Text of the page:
The mechanics of profitable dairying
A lot of information is available on everyday roughages such as maize silage. Optimum cutting times and ways of ensuring the best quality have been well researched and documented. However, there are a few roughage sources in South Africa about which much less is known, although they are a vital part of the dairy unit in certain regions. Small grain silage is a roughage source that is readily available and widely used in large parts of the Western Cape. Small grain, mainly include oats and barley, is often key to success in this area.
Editorial as published in The Dairy Mail – October 2017
We need to understand that although small grain silage has a lot in common with other silage types, not all rules apply. For the purposes of this article, results of 93 samples of grain silage from the Cape region were pooled. Samples were analysed using LaboExpert in association with BLGG, a world-renowned roughage research company. Data were not statistically analysed for this purpose, but trends emerged that point to the important issues. Small grain silage has a lot in common with other silage types, but the rules differ.
The influence of starch content
Starch content is important in maize silage. Increasing the starch content has a virtually direct influence on the energy of the total roughage, mainly because of the large quantities involved. Maize silage starch levels can easily exceed of 35%. This does not apply to small grain silage, where the starch content does not usually exceed 8%.
In the sample pool used, only 17% of small grain silages analysed had a starch content higher than 8%. Because of the lower starch content, the total energy supplied by small grain silage is much lower. Therefore, unlike in the case of maize silage, starch content should not be one of the main determinants of the correct time to harvest.
Figure 1 The influence of starch content on energy level of small grain silage
Figure 1 shows the relationship between starch and energy, and although there is a relationship, it is very small. It should be pointed out that the handful of silages with a starch content above 8% did all have above-average energy levels. Nevertheless, the same level of energy was obtained with lower starch levels as well, owing to various other factors. So, that leads us to ask: What are the other drivers of higher energy small grain silages?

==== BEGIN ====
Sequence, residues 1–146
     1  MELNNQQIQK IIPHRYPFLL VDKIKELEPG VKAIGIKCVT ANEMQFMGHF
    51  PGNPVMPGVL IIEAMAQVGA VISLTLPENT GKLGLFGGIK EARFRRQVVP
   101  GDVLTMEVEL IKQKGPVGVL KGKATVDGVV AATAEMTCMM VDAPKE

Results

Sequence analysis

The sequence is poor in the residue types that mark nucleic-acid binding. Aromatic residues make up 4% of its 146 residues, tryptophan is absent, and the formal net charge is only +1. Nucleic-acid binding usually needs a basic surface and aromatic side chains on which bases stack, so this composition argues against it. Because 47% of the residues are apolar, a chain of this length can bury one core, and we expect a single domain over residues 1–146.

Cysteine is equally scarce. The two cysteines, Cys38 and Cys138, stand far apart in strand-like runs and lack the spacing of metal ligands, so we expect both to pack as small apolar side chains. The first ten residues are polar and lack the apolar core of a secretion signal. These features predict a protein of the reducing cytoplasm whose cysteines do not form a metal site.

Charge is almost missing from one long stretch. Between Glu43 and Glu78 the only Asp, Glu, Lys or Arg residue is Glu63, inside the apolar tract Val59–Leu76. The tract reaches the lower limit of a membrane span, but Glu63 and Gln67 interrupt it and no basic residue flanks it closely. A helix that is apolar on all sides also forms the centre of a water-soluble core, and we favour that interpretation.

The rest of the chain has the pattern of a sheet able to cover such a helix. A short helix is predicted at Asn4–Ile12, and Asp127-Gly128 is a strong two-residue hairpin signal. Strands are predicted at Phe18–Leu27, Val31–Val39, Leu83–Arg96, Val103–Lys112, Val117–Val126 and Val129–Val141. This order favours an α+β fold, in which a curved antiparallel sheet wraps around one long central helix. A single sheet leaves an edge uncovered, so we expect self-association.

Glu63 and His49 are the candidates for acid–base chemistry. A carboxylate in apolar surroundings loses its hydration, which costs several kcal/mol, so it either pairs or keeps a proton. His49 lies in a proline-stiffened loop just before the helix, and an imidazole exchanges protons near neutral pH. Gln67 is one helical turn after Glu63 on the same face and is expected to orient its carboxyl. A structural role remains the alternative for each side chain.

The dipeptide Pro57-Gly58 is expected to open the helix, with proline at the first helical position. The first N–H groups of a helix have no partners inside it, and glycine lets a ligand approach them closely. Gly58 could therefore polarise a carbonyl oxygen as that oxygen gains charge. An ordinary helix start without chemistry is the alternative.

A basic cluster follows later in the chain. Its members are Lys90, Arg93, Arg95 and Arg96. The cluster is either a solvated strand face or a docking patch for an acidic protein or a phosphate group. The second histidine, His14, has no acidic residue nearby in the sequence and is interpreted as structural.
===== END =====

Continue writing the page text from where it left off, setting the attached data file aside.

Using dry matter content of the crop to determine time to cut could be relevant, but choosing the best cutting time on the basis of silage samples does not work, as the norm is to cut the crop and let it lie for a time period before ensiling it. In maize silage this is not done so using DM content to determine best time to cut is relevant there. This lag period in small grain silages skews any relationship based on dry matter and using this as an indicator here would produce the wrong results.
As in the case of maize silage, the digestible organic matter content of the roughage does seem to have a huge impact on the energy available to the animals from small grain silage. The close relationship between the digestible organic matter and the energy available from the roughage as indicated in Figure 2 clearly proves the importance of doing everything possible to improve the digestible organic matter content small grain silage.
Figure 2 The relationship between Digestible organic matter and energy available from roughage.
There are several factors that do result in a higher digestible organic matter. Of these probably the fibre content of the roughage is one of the biggest role players. The relationship between digestible organic matter and crude fibre content and although not as strong as the relationship between digestible organic matter and energy, there is still a fairly visible inverse correlation. This indicates that by decreasing the crude fibre levels of your small grain silage you will increase the digestible organic matter and thus increase the overall energy content of your silage.
One could also argue that increasing starch would increase the digestible organic matter of small grain silage, and this would be true if the starch percentage were much higher. But at the low general levels of starch in these silages, increasing starch has little effect on improving digestible organic matter and energy, as previously pointed out.
The best approach
So, what is best approach to making small grain silage? Decreasing indigestible fibre would be key. This means cutting the crop at a younger stage and not necessarily waiting for starch levels to increase. Waiting for higher starch levels will increase the maturity of the plants and again lead to lower digestibility after a certain point. Cutting at a younger stage does mean less available starch but significantly decreases the fibre and indigestible fraction of the plant. The benefits of a more digestible product are higher energy available for milk production, the need less concentrate feed, higher yields and better cow health. An additional benefit to cutting at a less mature state is improved crude protein content of the silage. The negative aspect of cutting at a younger stage is reduced tonnage. This could however, be turned to good account if done correctly under irrigation, as cutting young enough could stimulate regrowth, leading to increased tonnage. Farmers should take care when cutting younger crops not to ensile when the product is too wet as this can make it difficult to preserve the silage. Good ensiling practice should still be applied and the dry matter target in the final product should be between 30% and 35%.
Profitable dairying is the main consideration and if small grain silage is a large part of your business unit then it should be important to you to take all factors in consideration.